THE CHAMELEON EFFECT AND THE STEREOTYPES OF NONBELIEVERS HELD BY RELIGIOUS PERSONS
Zglinicka Anna , Wojciech Kulesza
AbstractThe study aimed to verify whether the chameleon effect can be a used as an effective technique of stereotype modification. It has already been shown that individuals whose behaviors were mimicked showed an increased positive disposition as well as readiness to help not only the mimicker but also other people – and, in general, this seems to be an effective tool of social influence. Persons who adjust their behaviors start to act cooperatively. The pilot study presented here, run as a natural experiment, aimed to employ the chameleon effect in order to modify the stereotype of nonbelievers as perceived by participants declaring themselves to be believers. The results showed that even though mimicry positively influenced the perception of the stereotyped group, the scope of the modification was somewhat patchy. This means that the mechanism can be effectively applied as a means for the modification of stereotypes and prejudices within certain limits. Since this is one of the first studies venturing to explore this area, further work is necessary to delineate the abovementioned limits and the applicability of the measures that we discuss in the final part of this paper.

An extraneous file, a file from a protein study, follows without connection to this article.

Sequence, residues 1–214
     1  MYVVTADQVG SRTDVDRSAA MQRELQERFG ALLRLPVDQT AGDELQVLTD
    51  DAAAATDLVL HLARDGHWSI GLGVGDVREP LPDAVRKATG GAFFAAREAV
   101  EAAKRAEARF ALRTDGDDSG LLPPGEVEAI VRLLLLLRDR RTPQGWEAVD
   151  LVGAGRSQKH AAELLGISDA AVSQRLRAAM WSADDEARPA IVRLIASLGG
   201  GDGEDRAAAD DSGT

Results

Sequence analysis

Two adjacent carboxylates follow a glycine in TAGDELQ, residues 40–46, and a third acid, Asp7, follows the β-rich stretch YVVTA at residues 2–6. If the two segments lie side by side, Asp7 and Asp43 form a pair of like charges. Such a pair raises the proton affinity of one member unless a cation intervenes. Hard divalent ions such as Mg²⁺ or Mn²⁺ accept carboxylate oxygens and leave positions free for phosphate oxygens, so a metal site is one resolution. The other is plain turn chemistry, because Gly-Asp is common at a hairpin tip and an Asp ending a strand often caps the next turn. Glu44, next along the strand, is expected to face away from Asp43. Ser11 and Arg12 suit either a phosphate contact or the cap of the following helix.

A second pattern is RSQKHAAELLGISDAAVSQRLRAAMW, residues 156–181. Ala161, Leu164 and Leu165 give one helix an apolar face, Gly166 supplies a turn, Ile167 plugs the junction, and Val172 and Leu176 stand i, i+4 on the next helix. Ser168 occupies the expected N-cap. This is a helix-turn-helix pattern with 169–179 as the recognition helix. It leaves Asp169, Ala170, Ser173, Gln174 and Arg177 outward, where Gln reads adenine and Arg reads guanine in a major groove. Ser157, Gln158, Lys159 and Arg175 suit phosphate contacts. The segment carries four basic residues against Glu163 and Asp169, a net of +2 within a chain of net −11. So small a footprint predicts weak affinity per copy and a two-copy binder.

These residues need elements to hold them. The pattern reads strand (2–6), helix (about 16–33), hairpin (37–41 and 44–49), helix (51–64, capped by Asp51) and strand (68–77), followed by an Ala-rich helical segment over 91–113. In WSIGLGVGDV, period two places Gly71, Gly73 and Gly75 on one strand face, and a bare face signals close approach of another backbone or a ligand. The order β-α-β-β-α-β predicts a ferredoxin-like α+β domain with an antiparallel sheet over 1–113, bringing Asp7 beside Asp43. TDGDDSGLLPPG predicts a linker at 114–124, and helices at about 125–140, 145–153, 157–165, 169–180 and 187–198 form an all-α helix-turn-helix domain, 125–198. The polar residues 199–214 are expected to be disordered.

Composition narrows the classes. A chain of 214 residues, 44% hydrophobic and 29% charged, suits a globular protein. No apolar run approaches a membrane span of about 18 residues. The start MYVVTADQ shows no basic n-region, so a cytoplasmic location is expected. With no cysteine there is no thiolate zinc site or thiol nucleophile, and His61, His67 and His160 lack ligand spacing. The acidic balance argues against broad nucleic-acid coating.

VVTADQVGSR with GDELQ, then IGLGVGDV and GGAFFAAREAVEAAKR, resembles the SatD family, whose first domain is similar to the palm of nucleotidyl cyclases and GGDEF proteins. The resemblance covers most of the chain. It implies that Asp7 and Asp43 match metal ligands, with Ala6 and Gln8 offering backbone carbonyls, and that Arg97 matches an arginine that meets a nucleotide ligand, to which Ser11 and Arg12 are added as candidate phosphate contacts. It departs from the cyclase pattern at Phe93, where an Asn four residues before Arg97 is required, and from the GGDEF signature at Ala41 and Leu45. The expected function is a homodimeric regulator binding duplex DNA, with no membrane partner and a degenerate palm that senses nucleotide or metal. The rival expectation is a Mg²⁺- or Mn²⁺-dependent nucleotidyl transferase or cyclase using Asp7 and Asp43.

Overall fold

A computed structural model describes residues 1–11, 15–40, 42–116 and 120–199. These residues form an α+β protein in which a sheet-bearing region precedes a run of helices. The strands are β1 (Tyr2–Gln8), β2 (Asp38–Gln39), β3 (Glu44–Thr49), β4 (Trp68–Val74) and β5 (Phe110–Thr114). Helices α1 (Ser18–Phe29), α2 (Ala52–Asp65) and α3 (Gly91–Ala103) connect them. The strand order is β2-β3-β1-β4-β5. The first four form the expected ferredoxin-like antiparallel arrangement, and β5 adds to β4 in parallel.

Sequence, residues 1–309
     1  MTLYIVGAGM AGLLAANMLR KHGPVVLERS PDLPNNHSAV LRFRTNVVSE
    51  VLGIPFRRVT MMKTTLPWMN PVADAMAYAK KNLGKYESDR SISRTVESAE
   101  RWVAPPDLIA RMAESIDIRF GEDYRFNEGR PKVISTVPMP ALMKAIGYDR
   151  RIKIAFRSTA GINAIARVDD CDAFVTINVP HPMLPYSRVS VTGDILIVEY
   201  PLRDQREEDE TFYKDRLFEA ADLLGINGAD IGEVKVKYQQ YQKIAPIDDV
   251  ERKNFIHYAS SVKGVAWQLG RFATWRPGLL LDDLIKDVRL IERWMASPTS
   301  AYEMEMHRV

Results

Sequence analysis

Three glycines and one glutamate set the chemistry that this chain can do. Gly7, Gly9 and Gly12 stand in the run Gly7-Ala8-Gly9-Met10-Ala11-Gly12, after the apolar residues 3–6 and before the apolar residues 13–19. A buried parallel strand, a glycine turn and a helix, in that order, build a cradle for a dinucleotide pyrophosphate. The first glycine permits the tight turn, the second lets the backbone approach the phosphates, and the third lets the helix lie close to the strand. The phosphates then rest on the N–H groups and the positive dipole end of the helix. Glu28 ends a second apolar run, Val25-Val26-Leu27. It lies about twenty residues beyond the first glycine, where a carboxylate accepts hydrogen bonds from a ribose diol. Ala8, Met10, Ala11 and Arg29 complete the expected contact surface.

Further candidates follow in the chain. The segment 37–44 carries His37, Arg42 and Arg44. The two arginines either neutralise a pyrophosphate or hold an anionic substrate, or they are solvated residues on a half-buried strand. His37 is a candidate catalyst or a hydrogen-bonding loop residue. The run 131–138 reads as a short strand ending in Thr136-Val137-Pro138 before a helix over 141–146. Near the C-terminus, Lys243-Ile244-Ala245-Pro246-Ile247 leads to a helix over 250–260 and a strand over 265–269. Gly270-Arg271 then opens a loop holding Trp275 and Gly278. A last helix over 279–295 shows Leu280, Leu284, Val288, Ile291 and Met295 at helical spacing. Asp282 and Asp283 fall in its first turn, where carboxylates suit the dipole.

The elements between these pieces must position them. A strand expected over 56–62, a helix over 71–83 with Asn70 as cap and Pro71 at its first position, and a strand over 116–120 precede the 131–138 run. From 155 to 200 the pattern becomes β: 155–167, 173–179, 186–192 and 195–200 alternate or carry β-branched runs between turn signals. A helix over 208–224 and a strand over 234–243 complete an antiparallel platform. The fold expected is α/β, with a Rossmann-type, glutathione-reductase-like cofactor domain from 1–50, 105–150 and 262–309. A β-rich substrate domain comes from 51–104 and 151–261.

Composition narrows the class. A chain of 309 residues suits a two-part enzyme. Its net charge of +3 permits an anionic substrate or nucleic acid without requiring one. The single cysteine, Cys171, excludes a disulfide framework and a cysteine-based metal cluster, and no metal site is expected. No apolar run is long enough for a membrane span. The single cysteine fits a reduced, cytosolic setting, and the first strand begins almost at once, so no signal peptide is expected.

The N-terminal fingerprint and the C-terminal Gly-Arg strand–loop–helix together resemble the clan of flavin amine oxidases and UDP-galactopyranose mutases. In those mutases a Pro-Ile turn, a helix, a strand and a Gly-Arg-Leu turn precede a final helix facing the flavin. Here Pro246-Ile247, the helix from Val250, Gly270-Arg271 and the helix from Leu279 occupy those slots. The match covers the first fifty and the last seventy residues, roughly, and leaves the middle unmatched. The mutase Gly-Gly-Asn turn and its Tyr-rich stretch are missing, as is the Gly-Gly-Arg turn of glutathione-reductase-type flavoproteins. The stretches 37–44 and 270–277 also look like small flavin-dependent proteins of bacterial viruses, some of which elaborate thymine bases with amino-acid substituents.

|Journal series||Roczniki Psychologiczne, ISSN 1507-7888, (B 12 pkt)|
|Publication size in sheets||0.6|
|Keywords in English||chameleon effect, imitation, stereotype, faith, religion, stereotype modification|
|Publication indicators||: 2015 = 0.216|
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